This section is from the book "The Law Of Contracts", by William Herbert Page. Also available from Amazon: Commercial Contracts: A Practical Guide to Deals, Contracts, Agreements and Promises.
If a debt is payable in installments the statute of limitations begins to run as to each separate installment from its maturity.1
N. Y. 61; 27 N. E. 285. County warrant. Crudup v. Ramsey, 54 Ark. 168; 15 S. W. 458.
7 Cooke v. Pomeroy, 65 Conn. 466; 32 Atl. 935; Codman v. Rogers, 10 Pick. (Mass.) 112; Wenman v. Ins. Co., 13 Wend. (N. Y.) 267; 2S Am. Dee. 464.
8 Hooper v. Hooper, 81 Md. 155; 48 Am. St. Rep. 496; 31 Atl. 508.
9 New England Fire Ins. Co. v. Haynes, 71 Vt. 306; 76 Am. St. Rep. 771; 45 Atl. 221. See to the same effect, Bigelow v. Libby, 117 Mass. 359; Langworthy v. Flouring Mills Co., 77 Minn. 256; 79 N. W. 974; Kilbreath v. Gaylord, 34 O. S. 305; Crafoot v. Thatcher, 19 Utah 212;
75 Am. St. Rep. 725; 57 Pac. 171.
10 Wardle v. Hudson, 96 Mich. 432; 55 N. W. 992; Eichman v. Hersker, 170 Pa. St. 402; 33 Atl. 229.
11 Mifflin County National Bank v. Bank, 199 Pa. St. 459; 49 Atl. 213.
12 Rhind v. Hyndman, 54 Md. 527; 39 Am. Rep. 402.
13 Blades v. Bank (Ky.), 56 S. W. 415.
15 Lydig v. Braman, 177 Mass. 212; 58 N. E. 696.
1 Staffon v. Lyon, 110 Mich. 260;
So if several notes are secured by one mortgage, limitations runs as to each note from its maturity.2 If the note or other instrument contains a provision that default in payment of an installment should make the entire debt due forthwith, without providing that default should have such effect at the option of the creditor, such default is held to start the statute of limitations to running.3 If the provision is that in case of default in one installment the entire debt shall become due at the option of the creditor, the statute of limitations does not begin to run until he has exercised his option, and thus made the entire debt fall due.4 If the note provides that " in default of payment of interest when due the principal is to become due and collectible," but recites that it is secured by a deed of trust; and the deed provided that in case of default the entire debt should become due "at the option " of the holder of the notes, it is held that limitations does not begin to run unless the holder of the notes elects to treat the entire debt as due.5 A provision that default in payment of one installment shall make future installments due and payable at once,6 or that default in paying taxes on mortgaged property shall make the mortgage debt due at once,7 may be waived by the conduct of the parties if each leads the other to believe that the default will not be insisted on,8 or by the voluntary payment by the debtor of all delinquencies, the creditor acquiescing therein so that limitations does not run from such default. Even if the holder of the note after default in payment of interest presents the entire amount of principal and interest as a claim for the amount due at that time, which is before the maturity of the note, such presentation is not an exercise of the right to treat the entire amount as due, or if it is, his subsequent acquiescence in the continued running of the debt waives such right.10 Such a waiver affects the time at which limitations begins to run, and is not a new promise or acknowledgment; and hence may be oral even if the statute requires a new promise or acknowledgment to be in writing.11 Some authorities treat a provision giving the creditor power to enforce the debt in case of default in one installment as a power which makes limitations run from default even if the creditor does not exercise such power. Thus a loan for five years was made with power to the creditor to call the loan if the interest which was due quarterly not paid within twenty-one days after it came due. Default in payment of interest, was held to start limitations to running twenty-one days after the day on which the quarterly installment of interest in which default was made fell due.12 The creditor's act in bringing suit on the entire debt is an exercise of his option to declare it all due, though such suit is dismissed after his death.13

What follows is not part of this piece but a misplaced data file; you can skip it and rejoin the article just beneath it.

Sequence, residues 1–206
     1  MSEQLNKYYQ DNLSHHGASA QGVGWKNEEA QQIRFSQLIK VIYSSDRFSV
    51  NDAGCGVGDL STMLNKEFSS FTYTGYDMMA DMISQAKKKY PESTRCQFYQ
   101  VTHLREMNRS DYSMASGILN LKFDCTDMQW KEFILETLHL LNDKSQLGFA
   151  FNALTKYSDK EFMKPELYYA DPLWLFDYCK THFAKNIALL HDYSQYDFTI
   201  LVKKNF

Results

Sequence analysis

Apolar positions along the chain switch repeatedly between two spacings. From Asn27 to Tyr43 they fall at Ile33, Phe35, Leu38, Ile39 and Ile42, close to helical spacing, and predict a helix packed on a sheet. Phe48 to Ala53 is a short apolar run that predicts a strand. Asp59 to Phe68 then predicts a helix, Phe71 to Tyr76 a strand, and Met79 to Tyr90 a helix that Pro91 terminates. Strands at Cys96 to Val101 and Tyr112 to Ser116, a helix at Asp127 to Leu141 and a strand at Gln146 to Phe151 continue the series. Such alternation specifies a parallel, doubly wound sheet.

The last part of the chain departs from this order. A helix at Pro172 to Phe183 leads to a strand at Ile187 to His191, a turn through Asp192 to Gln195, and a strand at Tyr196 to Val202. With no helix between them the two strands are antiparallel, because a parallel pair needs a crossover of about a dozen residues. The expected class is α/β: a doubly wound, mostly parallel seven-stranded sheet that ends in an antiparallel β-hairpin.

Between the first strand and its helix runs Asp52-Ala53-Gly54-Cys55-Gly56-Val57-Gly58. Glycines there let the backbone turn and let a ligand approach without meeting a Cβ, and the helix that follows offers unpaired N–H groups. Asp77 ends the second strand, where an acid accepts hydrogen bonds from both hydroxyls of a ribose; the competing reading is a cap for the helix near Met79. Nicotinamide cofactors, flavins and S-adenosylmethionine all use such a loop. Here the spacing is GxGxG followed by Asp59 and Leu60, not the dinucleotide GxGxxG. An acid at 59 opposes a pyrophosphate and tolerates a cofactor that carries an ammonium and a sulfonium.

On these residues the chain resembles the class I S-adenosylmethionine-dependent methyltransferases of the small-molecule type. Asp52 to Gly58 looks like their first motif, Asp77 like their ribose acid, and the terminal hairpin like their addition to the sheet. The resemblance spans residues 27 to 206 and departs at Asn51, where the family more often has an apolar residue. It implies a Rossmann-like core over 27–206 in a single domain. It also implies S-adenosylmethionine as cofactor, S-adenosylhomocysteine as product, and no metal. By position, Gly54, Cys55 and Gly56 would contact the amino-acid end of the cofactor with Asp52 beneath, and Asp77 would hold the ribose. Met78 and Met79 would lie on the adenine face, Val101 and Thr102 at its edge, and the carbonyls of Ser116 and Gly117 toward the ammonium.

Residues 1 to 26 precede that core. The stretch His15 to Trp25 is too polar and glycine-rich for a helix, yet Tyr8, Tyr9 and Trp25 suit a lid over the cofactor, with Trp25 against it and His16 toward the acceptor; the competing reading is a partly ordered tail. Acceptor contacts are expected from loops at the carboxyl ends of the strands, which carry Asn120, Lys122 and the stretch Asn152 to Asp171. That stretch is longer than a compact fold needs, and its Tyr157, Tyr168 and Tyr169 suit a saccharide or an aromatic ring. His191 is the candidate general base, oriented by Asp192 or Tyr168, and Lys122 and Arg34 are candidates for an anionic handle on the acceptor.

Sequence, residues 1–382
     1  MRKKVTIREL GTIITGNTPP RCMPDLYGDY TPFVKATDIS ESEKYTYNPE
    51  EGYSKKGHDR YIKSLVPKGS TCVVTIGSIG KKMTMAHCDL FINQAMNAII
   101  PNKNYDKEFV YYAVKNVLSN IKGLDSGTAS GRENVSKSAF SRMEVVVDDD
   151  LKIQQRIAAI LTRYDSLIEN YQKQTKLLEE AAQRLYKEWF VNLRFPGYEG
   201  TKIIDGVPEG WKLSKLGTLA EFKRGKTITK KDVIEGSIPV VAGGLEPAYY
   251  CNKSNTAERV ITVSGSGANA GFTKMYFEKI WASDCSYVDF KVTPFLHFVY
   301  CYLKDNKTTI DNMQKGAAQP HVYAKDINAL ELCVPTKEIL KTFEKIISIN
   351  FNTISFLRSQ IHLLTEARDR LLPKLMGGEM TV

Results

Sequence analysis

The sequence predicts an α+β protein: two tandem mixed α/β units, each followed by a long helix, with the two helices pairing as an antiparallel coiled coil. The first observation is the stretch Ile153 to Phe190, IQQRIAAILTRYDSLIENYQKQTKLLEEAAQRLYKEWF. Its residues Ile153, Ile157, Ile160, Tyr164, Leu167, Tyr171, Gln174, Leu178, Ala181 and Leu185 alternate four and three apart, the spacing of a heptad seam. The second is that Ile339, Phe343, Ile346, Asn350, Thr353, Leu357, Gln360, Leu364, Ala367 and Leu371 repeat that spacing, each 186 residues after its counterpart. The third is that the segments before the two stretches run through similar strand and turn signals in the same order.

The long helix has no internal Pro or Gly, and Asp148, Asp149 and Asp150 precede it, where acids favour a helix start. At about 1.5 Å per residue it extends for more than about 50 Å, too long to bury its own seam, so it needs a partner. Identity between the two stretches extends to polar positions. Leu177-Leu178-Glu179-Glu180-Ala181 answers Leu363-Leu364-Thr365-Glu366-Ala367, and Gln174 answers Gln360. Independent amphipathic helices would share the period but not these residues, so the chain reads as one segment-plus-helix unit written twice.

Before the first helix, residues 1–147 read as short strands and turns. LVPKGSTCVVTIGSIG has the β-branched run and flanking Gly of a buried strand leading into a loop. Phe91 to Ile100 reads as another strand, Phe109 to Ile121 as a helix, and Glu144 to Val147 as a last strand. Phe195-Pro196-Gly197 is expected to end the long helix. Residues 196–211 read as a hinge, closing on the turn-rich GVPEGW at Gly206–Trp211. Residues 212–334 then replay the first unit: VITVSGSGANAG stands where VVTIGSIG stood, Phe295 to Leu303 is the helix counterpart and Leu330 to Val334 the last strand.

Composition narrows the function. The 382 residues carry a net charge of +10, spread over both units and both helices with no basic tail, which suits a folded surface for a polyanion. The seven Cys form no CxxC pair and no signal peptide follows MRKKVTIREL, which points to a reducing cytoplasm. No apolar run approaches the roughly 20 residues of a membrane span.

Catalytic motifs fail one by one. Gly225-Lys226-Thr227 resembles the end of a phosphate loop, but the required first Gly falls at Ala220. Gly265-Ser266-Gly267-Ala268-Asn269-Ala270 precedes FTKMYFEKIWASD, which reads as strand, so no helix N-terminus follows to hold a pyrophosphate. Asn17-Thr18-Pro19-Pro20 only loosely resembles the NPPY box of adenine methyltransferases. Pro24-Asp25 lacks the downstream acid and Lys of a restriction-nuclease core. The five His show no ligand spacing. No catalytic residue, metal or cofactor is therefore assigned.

68 N. W. 151; Nares v. Bell, - Neb. - ; 92 N. W. 571; Bush v. Stowell, 71 Pa. St. 208; 10 Am. Rep. 694; New England Fire Ins. Co. v. Haynes, 71 Vt. 306; 76 Am. St. Rep. 771; 45 Atl. 221; George v. Butler, 26 Wash. 456; 57 L. R. A. 396; 67 Pac. 263.
2 George v. Butler, 26 Wash. 456; 90 Am. St. Rep. 756; 57 L. R. A. 396; 67 Pac. 263.
3 Reed v. Culp, 63 Kan. 595; 66 Pac. 616; Ryan v. Caldwell, 106 Ky. 543; 50 S. W. 966; San Antonio, etc., Association v. Stewart, 94 Tex. 441; 86 Am. St. Rep. 864; 61 S. W. 386; Harrison Machine Works v. Reigor, 64 Tex. 89; Dodge v. Signor, 18 Tex. Civ. App. 45; 44 S. W. 926.
4 Moline Plow Co. v. Webb, 141 U. S. 616; Richards v. Daly, 116 Cal. 336; 48 Pac. 220; Mason v. Luce, 116 Cal. 232; 48 Pac. 72; Ins. Co. v. Martin, 151 Ind. 209; 51 N. E. 361; Watts v. Creighton, 85 la. 154; 52 N. W. 12; Lowen-stein v. Phelan, 17 Neb. 429; 22 N. W. 561; Batey v. Walter (Tenn. Ch. App.), 46 S. W. 1024.
5 Moline Plow Co. v. Webb, 141 U. S. 616.
6 San Antonio, etc., Association v. Stewart, 94 Tex. 441; 86 Am. St. Rep. 864; 61 S. W. 386.
7 Douthitt v. Farrell, 60 Kan. 195; 56 Pac. 9.